Aureli: see Intr. 37, Intr. 41. If not an intimate and warm friend, Aurelius must have been at this time on good terms with Catullus, or Juventius would not have been entrusted to his care. And, allowing for traditional grossness of language (cf. Intr. 32), there is no tone of unfriendliness in this poem. But Aurelius (and his friend Furius; cf. Catul. 23.1 and Catul. 24.1) betrayed the trust, and from this occasion dates the enmity of Catullus toward them.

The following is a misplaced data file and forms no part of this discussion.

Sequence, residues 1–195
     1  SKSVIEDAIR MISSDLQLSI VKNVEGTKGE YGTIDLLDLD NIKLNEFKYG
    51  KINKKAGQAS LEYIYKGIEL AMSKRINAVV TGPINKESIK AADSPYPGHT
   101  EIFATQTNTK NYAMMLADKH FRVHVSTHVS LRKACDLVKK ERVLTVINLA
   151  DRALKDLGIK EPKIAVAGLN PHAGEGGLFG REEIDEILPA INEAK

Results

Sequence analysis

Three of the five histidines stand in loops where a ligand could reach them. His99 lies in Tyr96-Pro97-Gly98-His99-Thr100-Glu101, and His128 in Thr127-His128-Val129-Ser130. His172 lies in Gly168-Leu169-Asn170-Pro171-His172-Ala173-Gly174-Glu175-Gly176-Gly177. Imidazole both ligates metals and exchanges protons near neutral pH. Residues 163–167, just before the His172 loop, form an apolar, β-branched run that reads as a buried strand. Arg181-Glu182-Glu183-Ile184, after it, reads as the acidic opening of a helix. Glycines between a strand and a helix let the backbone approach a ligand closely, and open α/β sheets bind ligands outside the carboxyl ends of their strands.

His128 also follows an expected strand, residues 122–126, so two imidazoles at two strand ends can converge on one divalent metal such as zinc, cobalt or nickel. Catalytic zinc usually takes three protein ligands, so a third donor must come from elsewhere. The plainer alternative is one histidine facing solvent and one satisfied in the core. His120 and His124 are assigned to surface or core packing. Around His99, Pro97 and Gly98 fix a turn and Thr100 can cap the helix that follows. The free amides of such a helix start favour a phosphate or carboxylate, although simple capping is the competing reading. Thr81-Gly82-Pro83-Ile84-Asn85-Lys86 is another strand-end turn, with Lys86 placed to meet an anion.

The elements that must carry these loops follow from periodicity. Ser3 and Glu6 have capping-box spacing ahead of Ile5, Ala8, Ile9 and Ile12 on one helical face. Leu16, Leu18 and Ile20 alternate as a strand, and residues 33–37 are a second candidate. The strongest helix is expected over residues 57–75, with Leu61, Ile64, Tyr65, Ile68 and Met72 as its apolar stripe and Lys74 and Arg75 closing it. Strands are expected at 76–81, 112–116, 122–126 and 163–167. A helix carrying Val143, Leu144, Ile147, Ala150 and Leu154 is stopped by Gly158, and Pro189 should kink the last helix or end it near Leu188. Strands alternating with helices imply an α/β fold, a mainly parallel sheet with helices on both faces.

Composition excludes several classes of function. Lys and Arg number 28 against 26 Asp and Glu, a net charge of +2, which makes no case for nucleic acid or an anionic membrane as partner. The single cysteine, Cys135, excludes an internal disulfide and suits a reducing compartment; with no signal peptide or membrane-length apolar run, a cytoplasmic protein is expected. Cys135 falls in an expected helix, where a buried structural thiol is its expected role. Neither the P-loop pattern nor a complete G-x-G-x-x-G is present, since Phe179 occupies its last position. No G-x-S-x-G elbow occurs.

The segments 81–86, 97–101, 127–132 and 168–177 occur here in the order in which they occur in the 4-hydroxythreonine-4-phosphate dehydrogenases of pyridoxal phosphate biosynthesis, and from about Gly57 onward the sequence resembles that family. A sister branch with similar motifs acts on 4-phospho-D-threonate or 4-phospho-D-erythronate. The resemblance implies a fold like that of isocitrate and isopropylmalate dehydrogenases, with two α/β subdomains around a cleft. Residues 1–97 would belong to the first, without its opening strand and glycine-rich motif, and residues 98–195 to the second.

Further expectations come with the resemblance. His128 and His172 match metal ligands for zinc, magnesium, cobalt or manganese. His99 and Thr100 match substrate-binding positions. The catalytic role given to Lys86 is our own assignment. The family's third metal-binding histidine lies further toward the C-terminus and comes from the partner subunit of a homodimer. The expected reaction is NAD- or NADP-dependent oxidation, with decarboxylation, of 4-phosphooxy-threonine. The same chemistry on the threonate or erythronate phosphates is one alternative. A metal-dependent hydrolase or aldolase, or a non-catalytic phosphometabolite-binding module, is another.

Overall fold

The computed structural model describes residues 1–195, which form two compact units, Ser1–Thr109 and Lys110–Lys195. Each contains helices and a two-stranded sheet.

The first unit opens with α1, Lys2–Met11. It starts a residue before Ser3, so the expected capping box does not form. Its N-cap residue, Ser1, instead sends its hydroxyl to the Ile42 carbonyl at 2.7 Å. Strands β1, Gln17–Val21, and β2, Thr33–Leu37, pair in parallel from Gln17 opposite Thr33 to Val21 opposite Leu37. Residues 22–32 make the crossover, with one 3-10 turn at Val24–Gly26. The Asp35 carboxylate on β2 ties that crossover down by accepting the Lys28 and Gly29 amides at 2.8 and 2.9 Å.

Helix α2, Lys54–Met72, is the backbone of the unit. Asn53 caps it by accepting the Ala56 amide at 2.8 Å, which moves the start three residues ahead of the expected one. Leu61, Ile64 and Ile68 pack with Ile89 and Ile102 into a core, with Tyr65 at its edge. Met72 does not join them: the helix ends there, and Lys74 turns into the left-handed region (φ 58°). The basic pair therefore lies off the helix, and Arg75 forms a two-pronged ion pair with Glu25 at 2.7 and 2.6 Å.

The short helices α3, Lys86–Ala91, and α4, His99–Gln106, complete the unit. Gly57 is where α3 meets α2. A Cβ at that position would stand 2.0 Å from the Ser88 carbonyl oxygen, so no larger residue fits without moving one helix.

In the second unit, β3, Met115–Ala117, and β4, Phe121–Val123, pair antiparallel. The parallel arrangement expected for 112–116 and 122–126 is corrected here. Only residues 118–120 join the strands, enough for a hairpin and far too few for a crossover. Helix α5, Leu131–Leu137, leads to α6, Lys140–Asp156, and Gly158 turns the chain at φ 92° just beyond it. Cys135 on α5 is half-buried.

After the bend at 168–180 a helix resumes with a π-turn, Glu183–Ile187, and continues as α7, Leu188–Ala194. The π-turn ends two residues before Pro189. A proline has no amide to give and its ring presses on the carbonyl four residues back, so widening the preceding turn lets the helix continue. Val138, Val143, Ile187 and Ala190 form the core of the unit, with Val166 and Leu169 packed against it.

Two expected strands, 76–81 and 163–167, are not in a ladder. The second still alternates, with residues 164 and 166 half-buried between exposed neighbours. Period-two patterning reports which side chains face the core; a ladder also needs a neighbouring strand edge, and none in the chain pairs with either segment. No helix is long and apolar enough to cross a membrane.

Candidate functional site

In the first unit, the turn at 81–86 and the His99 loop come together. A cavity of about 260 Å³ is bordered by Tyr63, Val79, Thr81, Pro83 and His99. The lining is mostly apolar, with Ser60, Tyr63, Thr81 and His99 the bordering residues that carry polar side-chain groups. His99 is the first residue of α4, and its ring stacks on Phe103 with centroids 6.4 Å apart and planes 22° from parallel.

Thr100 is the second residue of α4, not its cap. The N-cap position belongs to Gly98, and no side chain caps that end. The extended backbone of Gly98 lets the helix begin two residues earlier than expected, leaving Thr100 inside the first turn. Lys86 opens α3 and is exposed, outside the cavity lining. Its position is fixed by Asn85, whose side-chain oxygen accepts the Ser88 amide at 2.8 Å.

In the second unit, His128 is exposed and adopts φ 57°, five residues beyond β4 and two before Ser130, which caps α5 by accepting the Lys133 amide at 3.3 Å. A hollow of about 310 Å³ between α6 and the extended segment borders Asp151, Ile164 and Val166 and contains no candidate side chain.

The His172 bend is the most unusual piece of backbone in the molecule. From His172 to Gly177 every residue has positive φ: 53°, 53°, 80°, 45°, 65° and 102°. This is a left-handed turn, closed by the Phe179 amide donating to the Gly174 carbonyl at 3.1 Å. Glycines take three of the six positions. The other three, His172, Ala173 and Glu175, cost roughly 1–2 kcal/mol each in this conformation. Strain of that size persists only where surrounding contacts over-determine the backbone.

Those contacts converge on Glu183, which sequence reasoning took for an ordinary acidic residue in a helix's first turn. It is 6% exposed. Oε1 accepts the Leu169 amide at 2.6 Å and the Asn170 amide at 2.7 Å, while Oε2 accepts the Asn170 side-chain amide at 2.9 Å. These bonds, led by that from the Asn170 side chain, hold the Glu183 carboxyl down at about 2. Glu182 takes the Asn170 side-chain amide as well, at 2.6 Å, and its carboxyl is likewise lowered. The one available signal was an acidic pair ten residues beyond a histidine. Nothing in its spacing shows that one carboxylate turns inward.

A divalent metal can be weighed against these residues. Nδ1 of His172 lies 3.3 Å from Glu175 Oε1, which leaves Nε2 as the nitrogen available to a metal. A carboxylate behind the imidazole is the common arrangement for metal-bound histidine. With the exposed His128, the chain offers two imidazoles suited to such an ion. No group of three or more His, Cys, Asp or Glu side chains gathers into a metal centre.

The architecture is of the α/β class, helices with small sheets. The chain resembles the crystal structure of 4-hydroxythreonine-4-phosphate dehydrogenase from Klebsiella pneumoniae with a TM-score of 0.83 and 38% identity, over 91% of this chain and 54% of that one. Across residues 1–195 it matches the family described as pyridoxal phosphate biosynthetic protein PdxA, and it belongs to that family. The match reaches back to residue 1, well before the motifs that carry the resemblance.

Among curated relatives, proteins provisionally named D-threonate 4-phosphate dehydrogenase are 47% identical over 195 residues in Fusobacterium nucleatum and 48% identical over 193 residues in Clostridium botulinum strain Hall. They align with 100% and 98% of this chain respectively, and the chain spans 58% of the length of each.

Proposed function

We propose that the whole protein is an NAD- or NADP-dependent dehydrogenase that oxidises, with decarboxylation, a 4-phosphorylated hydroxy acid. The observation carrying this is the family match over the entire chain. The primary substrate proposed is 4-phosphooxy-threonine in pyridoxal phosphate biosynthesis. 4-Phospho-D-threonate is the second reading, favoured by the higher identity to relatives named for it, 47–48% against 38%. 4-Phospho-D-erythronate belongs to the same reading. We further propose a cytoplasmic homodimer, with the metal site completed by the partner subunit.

nostrum caput: i.e. nos (= me), but with a more definite reference to peculiar and cherished interests; cf. Catul. 68.120 “caput seri nepotis” (= serum nepotem); Pl. Capt. 946 “propter meum caput” Hor. Carm. 1.24.2 “tam cari capitis;” Hor. S. 2.5.94 “cautus uti velet carum caput” ; Prop. 2.8.16 “in nostrum iacies verba superba caput.”
 te: accusative of exclamation